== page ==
1893 An act to authorize the mayor and aldermen of the city of Columbia to issue coupon bonds in an amount not to exceed one hundred thousand dollars ($100.000), for the purpose of purchasing the water-works now owned by the Columbia Improvement Company, under the provisions of a contract made between said city and the Columbia Water-works Company, by an ordinance passed and approved January 28, 1884.  April 10, 1893.

1894 May 1 – Columbia Water Works defaults on Bonds. (Duck River Valley Chronicle page 265)

1894 [1895?] Dec 12 – Columbia Water Works to be auctioned Feb 15, property bounded on east by Bridge street, south by east sixth street, north by Duck River, lot 109 with pumping station, purchased July 14, 1883, includes reservoir property on Mt Parnassus. (Duck River Valley Chronicles page 266)

1895 The Nashville Tennessean, March 22, 1895, Page 4.
Wants a Receiver Appointed.
Columbia, march 21.--Charles E. Bigelow, of New York, has made application for a receiver for the Columbia Improvement Company.

1895 The Nashville Tennessean, December 11, 1895, Page 6.
Sale of the Columbia Water Company and Columbia Improvement Co. Properties.  Under an by virtue of the power vested in me, H. M. Doak, Master Commissioner, by decree of the United States Circuit Court for the Middle District of Tennessee, in the case of Charles E. Bigelow vs. Columbia Improvement Company et al. [includes description of water works properties and plant]

1896 Feb 20 – Columbia Water Works, Gas Works and Electric Light company bought at auction by Mr. Charles Bigelow of New York. (Duck River Valley Chronicle page 273)

1896 March 26 – Columbia Water & Light Company  – reorganization (Incorporations)

1896 The Nashville Tennessean, March 27, 1896, Page 5.
Charter Amended.  The purchasers of the Columbia Water Company and the Columbia Improvement Company have filed an amendment to the charter changing the name to the Columbia Water & Light Company, the capital stock being $100,000.  The officers are Thomas M. Steger, President; Josiah L. Hutton, Vice President; Wm. P. Parrish, Secretary and Treasurer, and Thomas J. Odill and W. W. Moore directors.

1897 "Columbia," from Manual of American Water Works, Volume 4.

1905 Century Review, 1805-1905, Maury County, Tennessee, by David Peter Robbins
Page 43: The Columbia Water Co., incorporated Oct. 11, 1809, was authorized to draw $300 from the County Commissioners to build waterworks; but the project was delayed - until about 1830. when Arnold Zellner constructed a rude system, by which a water wheel at White's spring was used to elevate the fluid. Later a dam and water wheel were built near the river, and a system of cedar pipe mains was laid, which were in use for twenty-five years, and gave fairly good service.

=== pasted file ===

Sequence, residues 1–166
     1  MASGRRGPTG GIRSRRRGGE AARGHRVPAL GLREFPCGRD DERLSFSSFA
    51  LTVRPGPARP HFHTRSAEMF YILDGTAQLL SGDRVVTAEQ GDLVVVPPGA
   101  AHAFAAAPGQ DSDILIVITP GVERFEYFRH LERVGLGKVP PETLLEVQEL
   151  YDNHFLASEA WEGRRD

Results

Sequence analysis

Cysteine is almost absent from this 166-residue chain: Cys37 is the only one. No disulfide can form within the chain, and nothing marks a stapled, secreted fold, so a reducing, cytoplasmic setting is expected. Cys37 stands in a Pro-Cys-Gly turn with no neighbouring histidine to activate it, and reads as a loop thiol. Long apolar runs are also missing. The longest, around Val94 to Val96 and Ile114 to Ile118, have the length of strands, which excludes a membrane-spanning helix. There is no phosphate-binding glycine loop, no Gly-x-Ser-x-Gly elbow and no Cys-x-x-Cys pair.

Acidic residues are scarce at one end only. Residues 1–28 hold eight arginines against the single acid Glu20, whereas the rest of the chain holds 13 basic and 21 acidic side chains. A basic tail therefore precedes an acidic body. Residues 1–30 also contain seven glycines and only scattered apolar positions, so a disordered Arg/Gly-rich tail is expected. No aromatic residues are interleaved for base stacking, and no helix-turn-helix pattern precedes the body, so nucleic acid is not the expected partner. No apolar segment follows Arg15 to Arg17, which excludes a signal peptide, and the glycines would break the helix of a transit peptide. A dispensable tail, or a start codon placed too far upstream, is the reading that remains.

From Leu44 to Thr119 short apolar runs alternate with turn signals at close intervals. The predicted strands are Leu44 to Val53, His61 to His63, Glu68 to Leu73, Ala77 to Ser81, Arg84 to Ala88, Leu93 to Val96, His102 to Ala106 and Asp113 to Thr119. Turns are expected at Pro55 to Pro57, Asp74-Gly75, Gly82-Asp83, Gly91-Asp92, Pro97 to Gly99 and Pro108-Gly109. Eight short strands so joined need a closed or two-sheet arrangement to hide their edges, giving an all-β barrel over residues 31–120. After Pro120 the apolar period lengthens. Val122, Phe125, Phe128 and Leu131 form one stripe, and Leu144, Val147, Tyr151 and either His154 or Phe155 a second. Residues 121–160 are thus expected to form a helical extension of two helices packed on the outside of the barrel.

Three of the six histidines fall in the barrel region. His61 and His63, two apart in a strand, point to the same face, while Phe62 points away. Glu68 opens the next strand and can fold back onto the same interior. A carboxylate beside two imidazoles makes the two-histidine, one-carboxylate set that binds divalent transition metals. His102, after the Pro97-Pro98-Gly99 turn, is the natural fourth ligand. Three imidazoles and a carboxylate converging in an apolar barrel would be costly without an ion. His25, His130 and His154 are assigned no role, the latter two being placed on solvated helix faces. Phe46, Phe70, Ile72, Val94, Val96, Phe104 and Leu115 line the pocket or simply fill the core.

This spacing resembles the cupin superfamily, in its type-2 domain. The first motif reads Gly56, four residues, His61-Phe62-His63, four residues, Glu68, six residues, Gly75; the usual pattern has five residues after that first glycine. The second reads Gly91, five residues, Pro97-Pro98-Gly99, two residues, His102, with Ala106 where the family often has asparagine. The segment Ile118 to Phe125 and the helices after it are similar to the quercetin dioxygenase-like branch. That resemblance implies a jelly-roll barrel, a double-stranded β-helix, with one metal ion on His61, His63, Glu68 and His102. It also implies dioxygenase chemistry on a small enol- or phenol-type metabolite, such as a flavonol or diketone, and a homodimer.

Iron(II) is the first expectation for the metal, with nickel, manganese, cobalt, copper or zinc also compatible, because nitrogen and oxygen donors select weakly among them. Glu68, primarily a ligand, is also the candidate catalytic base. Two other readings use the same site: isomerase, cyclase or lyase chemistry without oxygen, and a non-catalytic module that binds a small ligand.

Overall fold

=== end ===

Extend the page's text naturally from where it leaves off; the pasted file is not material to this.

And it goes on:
1908 Light Heat Power 9(8):J (March 1908)
Tennessee, Columbia, Shall the city own and conduct its own water, light, and gas plant?  The question was placed square up to the Board of Aldermen and Mayor when Attorney W.S. Fleming, representing the Columbia Water and Light Company, submitted a proposition to the board to sell the entire property, consisting of water, light, and gas plants to the city as a price to be hereinafter appraised. ... The company had never paid any interest on the bonds and no dividends on the stock.

1915 The Nashville Tennessean, April 7, 1915, Page 7.
Columbia May Not Purchase Water Plant.  Property Officially Appraised at One Hundred and Twenty-Seven Thousand Dollars.

1924 The Nashville Tennessean, August 31, 1924, Page 6.
Columbia Power Plant Is Sold.  Sale Made to Southern Cities Power Company.  Columbia, Tenn., Aug. 30.--C. C. Nunemaker, general manager of the Southern Cities Power Company of Chattanooga, announced the successful progress of negotiations by his company for the purchase of the Columbia Light & Power Company plant from Charles E. Bigelow of New York.
Mr. Nunemaker said that the contract had been signed, but that the working out of numerous details would involve considerable time and that the transfer could not be fully consummated until all details are worked out.